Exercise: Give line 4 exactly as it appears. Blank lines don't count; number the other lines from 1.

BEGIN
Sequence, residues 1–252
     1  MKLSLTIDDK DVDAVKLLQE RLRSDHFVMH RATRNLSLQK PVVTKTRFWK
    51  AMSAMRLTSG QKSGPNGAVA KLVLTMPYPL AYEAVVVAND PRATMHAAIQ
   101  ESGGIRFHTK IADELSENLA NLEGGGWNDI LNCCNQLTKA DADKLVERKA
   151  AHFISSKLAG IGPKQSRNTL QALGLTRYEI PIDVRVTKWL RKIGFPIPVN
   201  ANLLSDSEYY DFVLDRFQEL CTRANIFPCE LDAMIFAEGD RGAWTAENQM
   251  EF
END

   101  ESGGIRFHTK IADELSENLA NLEGGGWNDI LNCCNQLTKA DADKLVERKA